Ukip 'must focus on centre ground'
The "compassionate, centre-ground" position outlined in Ukip's general election manifesto is where the party needs to go, its deputy chairman has said.
Suzanne Evans dismissed the row over Nigel Farage's leadership, insisting the problems related to advisers who had kept him in their pocket.
She said they had been trying to take the party back to what it was several years ago, but stressed its future lay in diversifying and becoming more inclusive.
Ms Evans told the BBC's Andrew Marr Show: "I don't think anyone hates anyone.
"I think we have had some problems with advisers around Nigel, who very much kept him in their pocket if you like and I think he has had too much influence from them.
"(Former chief of staff) Raheem Kassam has gone. He has kind of fallen on his feet really I think. He has taken a job with Breitbart ... I think he will be right at home."
Ms Evans also joined calls for Mr Farage to take a break - but a short holiday rather than anything longer - and she insisted people were reading too much into Douglas Carswell's remark.
Last week, Ukip's only MP dismissed suggestions he wanted the top job, but argued the party should not take "big decisions" about the leadership in the immediate aftermath of a tough election battle.
He criticised Mr Farage's "ill advised" decision to raise concerns about immigrants coming to Britain for free treatment for HIV, saying Ukip had not been striking the right "tone".
The intervention, in an article for The Times, came after Mr Farage issued a challenge for the "one person" in Ukip covertly "agitating for a change and for a leadership election" to "put up or shut up".
On the same programme, Ms Evans revealed economic spokesman Patrick O'Flynn had told her he was "slightly misquoted" in his intervention last week.
He triggered a round of bitter infighting by saying Mr Farage - who quit on failing to be elected in South Thanet last Thursday, before the party's ruling council dramatically rejected his resignation - had become "thin-skinned" and "aggressive".
Ms Evans said: "What he was talking about was Nigel's public image, rather than Nigel himself. Clearly there is a big distinction to be made there.
"They (advisers) were trying to take the party back to perhaps what it was several years ago.
"I think if you look at the manifesto - and let's not forget I wrote the manifesto - I think it was very compassionate, very centre-ground, very balanced and Nigel called it - bless him - the best manifesto ever written. So it was a great sort of feather in my cap.
"That I think is where he wants to take the party and where the party needs to go."
On shy kippers, a phenomenon repeatedly alluded to by Mr Farage during the campaign, Ms Evans said it was crucial to find out why those people were shy.
She added: "If we've got it absolutely right and if our party brand is working at the moment, why don't people want to sing and dance about it?"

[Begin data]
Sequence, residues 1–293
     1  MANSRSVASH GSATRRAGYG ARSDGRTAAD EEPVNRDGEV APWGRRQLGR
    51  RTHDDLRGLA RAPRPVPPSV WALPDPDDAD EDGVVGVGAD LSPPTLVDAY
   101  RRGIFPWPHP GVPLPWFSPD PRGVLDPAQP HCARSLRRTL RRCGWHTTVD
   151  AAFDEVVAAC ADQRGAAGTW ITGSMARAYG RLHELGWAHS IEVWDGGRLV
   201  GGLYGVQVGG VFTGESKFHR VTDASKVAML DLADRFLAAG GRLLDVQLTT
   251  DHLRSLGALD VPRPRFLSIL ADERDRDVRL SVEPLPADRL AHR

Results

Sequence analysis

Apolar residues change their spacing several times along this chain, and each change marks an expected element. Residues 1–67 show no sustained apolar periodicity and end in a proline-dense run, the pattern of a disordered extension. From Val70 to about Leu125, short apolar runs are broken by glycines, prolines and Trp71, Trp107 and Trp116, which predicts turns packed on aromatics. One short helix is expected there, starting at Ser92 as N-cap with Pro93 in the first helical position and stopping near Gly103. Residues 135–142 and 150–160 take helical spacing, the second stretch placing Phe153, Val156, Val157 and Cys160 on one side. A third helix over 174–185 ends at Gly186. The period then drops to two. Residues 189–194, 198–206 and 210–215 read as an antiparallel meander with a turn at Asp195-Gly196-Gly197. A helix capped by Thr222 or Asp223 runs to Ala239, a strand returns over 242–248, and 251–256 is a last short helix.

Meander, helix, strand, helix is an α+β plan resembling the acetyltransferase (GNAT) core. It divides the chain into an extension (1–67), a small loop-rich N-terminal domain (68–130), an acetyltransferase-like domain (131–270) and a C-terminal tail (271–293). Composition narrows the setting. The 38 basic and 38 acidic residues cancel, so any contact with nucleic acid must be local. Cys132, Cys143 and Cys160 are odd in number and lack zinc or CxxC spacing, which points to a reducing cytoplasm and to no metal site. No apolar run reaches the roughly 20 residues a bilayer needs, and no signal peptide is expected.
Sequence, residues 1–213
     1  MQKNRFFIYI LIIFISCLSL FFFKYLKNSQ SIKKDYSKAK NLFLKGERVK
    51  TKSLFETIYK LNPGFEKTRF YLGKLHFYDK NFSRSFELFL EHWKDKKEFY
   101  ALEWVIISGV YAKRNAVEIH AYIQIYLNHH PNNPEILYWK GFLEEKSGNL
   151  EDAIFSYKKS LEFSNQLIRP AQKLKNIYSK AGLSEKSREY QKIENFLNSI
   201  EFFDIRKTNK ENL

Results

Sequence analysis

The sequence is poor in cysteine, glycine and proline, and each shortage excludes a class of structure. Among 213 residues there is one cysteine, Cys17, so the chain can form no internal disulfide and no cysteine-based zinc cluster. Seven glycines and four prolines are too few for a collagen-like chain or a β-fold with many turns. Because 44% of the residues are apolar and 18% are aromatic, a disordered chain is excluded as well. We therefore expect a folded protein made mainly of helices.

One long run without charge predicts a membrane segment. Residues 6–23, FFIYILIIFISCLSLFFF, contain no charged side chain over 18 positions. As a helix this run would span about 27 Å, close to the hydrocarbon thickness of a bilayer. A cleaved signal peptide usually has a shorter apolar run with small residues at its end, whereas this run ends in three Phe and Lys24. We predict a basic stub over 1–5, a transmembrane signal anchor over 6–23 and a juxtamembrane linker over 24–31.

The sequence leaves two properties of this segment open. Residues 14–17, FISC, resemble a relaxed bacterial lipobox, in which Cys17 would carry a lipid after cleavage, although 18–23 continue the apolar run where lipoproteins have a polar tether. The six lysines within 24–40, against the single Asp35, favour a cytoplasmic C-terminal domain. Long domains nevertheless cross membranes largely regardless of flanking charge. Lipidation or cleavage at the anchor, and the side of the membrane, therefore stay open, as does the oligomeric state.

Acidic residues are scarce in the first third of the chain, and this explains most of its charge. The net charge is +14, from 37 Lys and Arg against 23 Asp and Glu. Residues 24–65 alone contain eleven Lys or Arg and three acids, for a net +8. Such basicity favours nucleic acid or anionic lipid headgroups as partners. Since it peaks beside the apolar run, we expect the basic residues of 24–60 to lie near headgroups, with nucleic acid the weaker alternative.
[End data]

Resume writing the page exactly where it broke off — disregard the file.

Speaking on the BBC's Sunday Politics, Mr Carswell said he wanted Mr Farage to "take a break" while remaining as leader, rather than stepping down.
But he also suggested the party's NEC had not been right to overrule Mr Farage's decision to resign.
"Any credible party, any mature party that has just had an election campaign that didn't achieve the result that it wanted quite normally and quite naturally and quite sensibly reflects on what went wrong, and quite sensibly asks if there are alternative ways of making sure that we get what we want next time," he said.
"You know, if the Liberal Democrats, for example, were suddenly to come onto your programme and say that they had decided that ,you know, all these key decisions had been taken and, you know, the National Executive had appointed Nick Clegg as leader for the next three years and we were going to plough on, I think a lot of people would say is that in the best interests of the Liberal Democrat Party.
"And I'm simply saying is this in the best interests of Ukip?"
Mr Carswell said some of the "strident language" used during the campaign had put voters off, and insisted it was not enough merely to blame the media.
" Perhaps some of the more strident language that we used meant that some of those people were less inclined to vote Ukip when the general election came along," he said.
"Now rather than blaming this all on the media, I think sometimes what we need to do is to say did we handle our messaging as best we could? You know, we need to be careful that we don't end up actually preventing from happening the very thing that we're supposed to be about.
"We're about getting this country outside the European Union and we need to be very careful that we don't get distracted by all the offers of short money, all the offers of being on telly, all the offers of this and that, we don't get distracted by all those arguments and find ourselves in a situation where our actions are making it harder for us to achieve the majority support for British withdrawal from the European Union."
In an interview for The Sun On Sunday, a bullish Mr Farage joked that he had decided to stay in his job for another 20 years.
"Having been through what I've been through in the past week, I've decided I will name the date when I stand down," he said.
"I'm looking at about 2035 at the moment. Would I go before then? Well, somebody could shoot me or I could end up in a plane crash, I suppose."